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You are here: Home Free Software Supporter 2022 Free Software Supporter -- Issue 175, November 2022

Free Software Supporter -- Issue 175, November 2022

by Free Software Foundation Contributions Published on Nov 02, 2022 07:51 PM

Welcome to the Free Software Supporter, the Free Software Foundation's (FSF) monthly news digest and action update -- being read by you and 230,566 other activists. That's 253 more than last month!

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LibrePlanet 2023 will be held March 18-19, CFS extended to November 23

From November 2

The dates for LibrePlanet 2023 have been announced: March 18-19, 2023. Along with this, the deadline for the Call for Sessions has been extended to November 23. And, if you need advice or encouragement as you prepare your talk proposal, we're here to help! We will host one more #libreplanet IRC (Libera.Chat) LibrePlanet Call for Sessions office hours with FSF staff and LibrePlanet committee members. Join us on Thursday, November 10 from 13:00 to 14:00 EST (18:00 to 19:00 UTC)

TABLE OF CONTENTS

  • LibrePlanet 2023 will be held March 18-19, CFS extended to November 23
  • Privacy and freedom should be the legacy we leave, not the opposite
  • Contribute to the free software movement: Intern at the FSF! Apply by November 10
  • The GTI Project -- A conversation and community Q&A
  • GNU Make 4.4 released!
  • If enforced, EU chat control will limit free software
  • Toward practical transparent verifiable and long-term reproducible research using Guix
  • October GNU Emacs news
  • Join the FSF and friends in updating the Free Software Directory
  • LibrePlanet featured resource: Lightning talks for LibrePlanet 2023
  • October GNU Spotlight with Amin Bandali: Twelve new GNU releases!
  • FSF and other free software events
  • Thank GNUs!
  • GNU copyright contributions
  • Translations of the Free Software Supporter
  • Take action with the FSF!

View this issue online here: https://www.fsf.org/free-software-supporter/2022/november

Encourage your friends to subscribe and help us build an audience by adding our subscriber widget to your Web site.

Miss an issue? You can catch up on back issues at https://www.fsf.org/free-software-supporter.

Want to read this newsletter translated into another language? Scroll to the end to read the Supporter in French or Spanish.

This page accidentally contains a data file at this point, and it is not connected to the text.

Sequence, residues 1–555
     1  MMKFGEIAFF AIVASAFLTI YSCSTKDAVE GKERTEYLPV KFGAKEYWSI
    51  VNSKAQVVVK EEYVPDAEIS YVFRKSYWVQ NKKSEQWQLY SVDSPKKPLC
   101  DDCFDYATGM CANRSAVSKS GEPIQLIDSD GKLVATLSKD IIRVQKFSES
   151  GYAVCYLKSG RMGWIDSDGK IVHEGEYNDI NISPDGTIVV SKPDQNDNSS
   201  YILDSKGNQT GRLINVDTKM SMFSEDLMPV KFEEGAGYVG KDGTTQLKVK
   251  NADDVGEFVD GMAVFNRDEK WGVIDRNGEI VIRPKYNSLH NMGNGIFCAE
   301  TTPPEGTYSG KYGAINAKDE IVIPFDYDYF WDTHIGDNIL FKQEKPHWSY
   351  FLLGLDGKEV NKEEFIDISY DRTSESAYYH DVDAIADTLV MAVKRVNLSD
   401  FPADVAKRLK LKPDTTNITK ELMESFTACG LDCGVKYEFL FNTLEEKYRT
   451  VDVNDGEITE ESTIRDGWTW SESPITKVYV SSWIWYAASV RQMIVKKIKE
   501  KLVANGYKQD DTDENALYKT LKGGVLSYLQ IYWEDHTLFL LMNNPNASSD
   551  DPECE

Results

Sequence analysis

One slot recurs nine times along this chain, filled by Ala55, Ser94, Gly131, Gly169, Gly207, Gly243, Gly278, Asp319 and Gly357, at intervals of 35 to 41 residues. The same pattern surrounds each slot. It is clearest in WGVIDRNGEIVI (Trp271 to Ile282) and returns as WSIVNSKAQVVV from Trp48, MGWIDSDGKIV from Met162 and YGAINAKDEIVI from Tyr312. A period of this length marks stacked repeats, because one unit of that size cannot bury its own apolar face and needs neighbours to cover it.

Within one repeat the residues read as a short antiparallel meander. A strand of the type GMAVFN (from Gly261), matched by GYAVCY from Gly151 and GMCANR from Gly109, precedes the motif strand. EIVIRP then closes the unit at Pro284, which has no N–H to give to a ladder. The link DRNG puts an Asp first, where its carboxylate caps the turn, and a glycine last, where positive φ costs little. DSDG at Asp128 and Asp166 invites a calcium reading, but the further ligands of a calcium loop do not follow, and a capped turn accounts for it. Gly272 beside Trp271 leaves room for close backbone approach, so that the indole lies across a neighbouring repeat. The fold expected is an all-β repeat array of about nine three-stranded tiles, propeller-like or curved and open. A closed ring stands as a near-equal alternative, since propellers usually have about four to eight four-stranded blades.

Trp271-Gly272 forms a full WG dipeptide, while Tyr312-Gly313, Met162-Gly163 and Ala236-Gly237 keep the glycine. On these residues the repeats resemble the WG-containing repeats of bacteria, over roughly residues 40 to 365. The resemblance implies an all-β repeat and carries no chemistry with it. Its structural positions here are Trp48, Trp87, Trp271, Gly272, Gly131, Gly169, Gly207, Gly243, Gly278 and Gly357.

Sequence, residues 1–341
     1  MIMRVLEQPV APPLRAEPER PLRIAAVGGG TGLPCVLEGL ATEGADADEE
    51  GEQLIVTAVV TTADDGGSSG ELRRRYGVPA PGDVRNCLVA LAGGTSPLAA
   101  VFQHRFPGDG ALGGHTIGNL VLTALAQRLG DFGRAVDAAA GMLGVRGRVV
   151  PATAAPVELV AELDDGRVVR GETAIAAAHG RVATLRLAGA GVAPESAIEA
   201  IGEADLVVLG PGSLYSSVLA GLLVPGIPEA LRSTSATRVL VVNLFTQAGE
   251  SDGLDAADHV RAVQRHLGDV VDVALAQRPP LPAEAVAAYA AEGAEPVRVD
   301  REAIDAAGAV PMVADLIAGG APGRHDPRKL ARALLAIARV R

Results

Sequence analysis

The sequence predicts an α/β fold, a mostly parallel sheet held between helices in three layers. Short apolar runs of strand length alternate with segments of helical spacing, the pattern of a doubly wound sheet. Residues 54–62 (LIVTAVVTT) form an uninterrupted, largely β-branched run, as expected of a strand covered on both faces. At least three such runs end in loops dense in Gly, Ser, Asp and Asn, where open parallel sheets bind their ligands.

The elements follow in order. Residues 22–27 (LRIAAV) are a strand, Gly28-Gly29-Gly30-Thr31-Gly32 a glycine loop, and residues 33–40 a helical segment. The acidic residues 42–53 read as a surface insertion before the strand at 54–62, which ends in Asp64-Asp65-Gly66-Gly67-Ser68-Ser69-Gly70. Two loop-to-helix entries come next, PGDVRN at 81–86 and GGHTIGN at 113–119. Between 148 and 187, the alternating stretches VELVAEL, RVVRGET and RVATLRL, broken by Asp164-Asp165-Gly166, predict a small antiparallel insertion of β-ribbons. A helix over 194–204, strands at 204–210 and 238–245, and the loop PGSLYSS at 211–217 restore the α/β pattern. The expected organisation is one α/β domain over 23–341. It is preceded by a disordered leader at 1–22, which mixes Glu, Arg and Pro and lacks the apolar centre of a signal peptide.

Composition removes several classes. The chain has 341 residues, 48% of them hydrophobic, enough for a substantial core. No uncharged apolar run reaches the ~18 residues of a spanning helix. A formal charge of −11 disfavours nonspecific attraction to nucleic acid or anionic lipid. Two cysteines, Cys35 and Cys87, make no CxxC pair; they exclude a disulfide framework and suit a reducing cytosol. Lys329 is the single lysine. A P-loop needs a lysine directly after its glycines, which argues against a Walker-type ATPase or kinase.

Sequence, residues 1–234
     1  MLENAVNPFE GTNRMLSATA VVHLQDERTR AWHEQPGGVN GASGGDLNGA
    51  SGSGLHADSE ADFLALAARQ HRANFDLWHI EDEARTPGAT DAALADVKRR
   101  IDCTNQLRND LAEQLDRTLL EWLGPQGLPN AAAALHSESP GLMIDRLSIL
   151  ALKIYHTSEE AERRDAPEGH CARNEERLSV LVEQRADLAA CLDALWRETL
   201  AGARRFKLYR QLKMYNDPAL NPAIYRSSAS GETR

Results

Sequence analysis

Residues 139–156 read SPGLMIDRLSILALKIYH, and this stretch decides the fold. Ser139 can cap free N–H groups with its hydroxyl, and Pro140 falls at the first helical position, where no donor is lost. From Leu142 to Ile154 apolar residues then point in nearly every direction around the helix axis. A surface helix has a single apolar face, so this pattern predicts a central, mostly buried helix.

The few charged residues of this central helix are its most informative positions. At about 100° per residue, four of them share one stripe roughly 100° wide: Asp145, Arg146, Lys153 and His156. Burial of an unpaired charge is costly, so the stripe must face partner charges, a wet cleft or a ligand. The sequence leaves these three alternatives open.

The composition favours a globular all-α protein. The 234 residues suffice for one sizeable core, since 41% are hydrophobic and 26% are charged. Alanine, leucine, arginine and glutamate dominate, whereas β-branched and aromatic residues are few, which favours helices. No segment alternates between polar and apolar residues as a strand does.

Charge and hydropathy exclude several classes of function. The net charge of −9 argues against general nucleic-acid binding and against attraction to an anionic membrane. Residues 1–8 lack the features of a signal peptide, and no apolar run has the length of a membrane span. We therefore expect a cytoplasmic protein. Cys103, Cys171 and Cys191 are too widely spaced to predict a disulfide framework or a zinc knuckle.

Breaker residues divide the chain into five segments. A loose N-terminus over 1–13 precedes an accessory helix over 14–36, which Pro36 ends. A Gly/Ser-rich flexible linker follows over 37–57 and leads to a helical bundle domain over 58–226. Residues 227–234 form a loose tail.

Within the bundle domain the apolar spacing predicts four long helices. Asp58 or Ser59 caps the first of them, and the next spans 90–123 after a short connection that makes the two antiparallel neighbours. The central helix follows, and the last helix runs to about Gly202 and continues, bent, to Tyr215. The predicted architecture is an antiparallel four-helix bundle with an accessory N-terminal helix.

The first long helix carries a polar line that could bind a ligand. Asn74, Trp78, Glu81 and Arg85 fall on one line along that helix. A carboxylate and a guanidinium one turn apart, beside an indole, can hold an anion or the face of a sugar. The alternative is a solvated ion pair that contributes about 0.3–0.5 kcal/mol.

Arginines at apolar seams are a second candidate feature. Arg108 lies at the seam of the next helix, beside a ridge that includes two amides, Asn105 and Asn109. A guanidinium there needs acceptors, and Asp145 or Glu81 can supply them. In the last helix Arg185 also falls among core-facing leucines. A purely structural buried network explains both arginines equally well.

Privacy and freedom should be the legacy we leave, not the opposite

From October 21

October 21 marked Global Encryption Day this year, and in honor of this day, we published an article about the important role end-to-end encryption plays in our daily privacy. So called "chat control measures" in the European Union (EU) seem dangerously close to adoption, however, their reasoning is flawed. Encryption, like a door lock, is a useful tool, and mandatory backdoors only introduce an unnecessary insecurity for users. Looking to future generations, freedom and privacy should be the legacy that we leave children, not a technological infrastructure that deprives them of these rights, or worse, implies that they never existed in the first place. Having the best of intentions doesn't matter: once the backdoor is open, there's no closing it. Protecting children from harm is as noble of a goal as it always was, but placing backdoors in how we talk and share isn't the way to go about it.

Contribute to the free software movement: Intern at the FSF! Apply by November 10

From October 18

The FSF is looking for interns to spend the winter contributing to work in one of three areas: campaigns, licensing, or with our tech team. Do you believe that free software is crucial to a free society? Do you want to help people learn why free software matters, and how to use it? Do you want to dig deep into software freedom issues like copyleft, Digital Restrictions Management (DRM), or surveillance and encryption? Or, do you want to learn systems administration and other technical tasks using only free software? Apply by November 10.

The GTI Project -- A conversation and community Q&A

From October 24

The FSF hosted a conversation and community Q&A with the maintainers behind the proposal on changing the infrastructure that the GNU Toolchain projects (among others) use. The Linux Foundation, the Sourceware volunteers, and wider community were also invited. The event was an opportunity to ask the important questions that maintainers, volunteers, and community members have raised about the proposal. The video for the event, which was broadcast live on October 24, was published later that same day, and is available on our media archive.